Below are critical reviews and news stories featuring Marcela and her productions.
I won’t divulge how or why this foursome comes unglued, except to tell you that it’s wholly credible and expertly paced; credit director Marcela Lorca’s crisp direction and strong acting from the entire cast.
With marvelous performances by the cast under the sublime direction of Marcela Lorca, “Disgraced” should be a must see for everyone who watched or didn’t watch the folderol of inauguration day for Donald Trump. Lorca deserves immense credit for letting this play proceed at a natural rapid pace. There is little room for breath in these performances, and they’re all the more real because of it.
Fast-moving and provocative, Disgraced turns a sophisticated dinner party among social elites into a slow dissolve of their pretenses about having risen above ethnic worries and stereotypes. Running through February 12 at the Quadracci Powerhouse, it is the best directed and acted Milwaukee Rep play experienced of late, fulfilling its 2013 Pulitzer-winning reputation as the sort of conversational theater that grows in conflict, meaning and impact over its 90 minutes.
Written by Pakistani-American playwright Ayad Akhtar, winner of the 2013 Pulitzer Prize for drama, “Disgraced” is a scorcher, an uncompromising look at racism, Islamophobia and American identity. We’ve never heard a Guthrie audience gasp as often as they did on opening night. This might be the year’s most essential play, one everyone should see, especially everyone who’s white.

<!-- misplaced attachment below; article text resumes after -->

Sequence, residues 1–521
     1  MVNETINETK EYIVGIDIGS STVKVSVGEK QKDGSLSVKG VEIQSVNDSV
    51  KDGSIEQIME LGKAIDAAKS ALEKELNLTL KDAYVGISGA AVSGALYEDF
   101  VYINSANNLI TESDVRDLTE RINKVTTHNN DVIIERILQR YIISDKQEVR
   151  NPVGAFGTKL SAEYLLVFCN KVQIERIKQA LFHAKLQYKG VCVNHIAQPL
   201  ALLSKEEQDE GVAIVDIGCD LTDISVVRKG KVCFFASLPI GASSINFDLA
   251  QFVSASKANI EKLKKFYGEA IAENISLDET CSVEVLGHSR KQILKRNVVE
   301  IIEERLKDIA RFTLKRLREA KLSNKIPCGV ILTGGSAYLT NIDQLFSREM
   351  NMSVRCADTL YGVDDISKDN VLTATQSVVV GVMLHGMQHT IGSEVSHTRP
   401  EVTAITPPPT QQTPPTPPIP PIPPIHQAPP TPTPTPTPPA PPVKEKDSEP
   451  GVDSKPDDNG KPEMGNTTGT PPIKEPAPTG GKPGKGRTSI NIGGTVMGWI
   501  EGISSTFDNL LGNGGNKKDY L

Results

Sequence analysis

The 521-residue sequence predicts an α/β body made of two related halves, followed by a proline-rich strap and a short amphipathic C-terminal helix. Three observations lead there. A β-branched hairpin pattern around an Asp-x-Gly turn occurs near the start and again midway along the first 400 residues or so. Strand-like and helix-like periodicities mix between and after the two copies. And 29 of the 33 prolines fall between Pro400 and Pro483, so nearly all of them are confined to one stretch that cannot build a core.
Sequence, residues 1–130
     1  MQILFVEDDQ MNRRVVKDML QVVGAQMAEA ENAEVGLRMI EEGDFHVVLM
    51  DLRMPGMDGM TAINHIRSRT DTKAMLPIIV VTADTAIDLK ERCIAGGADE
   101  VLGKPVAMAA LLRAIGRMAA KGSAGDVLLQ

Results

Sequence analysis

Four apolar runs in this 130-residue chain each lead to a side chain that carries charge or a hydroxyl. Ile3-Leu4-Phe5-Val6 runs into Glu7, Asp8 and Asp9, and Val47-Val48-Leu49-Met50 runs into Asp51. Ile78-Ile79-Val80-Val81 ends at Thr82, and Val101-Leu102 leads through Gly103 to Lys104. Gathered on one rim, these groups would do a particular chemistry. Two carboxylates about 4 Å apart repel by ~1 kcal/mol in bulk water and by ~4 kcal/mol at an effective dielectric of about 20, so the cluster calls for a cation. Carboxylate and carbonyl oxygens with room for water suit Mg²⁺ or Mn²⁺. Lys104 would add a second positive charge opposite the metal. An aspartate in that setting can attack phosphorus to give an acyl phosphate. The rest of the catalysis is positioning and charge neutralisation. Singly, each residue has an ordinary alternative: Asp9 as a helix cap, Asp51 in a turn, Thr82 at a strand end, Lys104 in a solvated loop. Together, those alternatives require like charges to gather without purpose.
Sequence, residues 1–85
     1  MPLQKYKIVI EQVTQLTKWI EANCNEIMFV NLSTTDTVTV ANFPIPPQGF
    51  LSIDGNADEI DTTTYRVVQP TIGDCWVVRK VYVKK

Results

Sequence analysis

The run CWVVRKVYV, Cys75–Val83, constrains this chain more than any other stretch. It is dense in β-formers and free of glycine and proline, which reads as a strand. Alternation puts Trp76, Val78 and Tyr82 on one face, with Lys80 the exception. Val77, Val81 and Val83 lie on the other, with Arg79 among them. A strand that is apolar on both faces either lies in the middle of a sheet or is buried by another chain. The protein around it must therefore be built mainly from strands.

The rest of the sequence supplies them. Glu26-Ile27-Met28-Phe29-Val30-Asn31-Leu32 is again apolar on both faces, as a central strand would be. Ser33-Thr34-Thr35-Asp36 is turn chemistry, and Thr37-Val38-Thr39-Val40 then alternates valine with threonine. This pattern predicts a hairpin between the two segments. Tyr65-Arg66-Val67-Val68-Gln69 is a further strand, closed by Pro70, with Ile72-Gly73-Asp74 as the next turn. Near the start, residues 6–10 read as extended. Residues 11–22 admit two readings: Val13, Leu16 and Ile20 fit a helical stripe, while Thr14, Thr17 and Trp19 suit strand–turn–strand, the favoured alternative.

[the author’s] actions are woven so masterfully into Akhtar’s well-crafted play, it helps to lead us to moments of revelation. Those actions also help to make the Guthrie’s production, staged with elegance and excellence by director Marcela Lorca, this summer’s must-see theater.
Director Marcela Lorca stages the play as a series of interactions — some with extended dialogue, others briefly glimpsed through the condo’s windows as Sanford Moore’s jazzy, ominous score plays between scenes.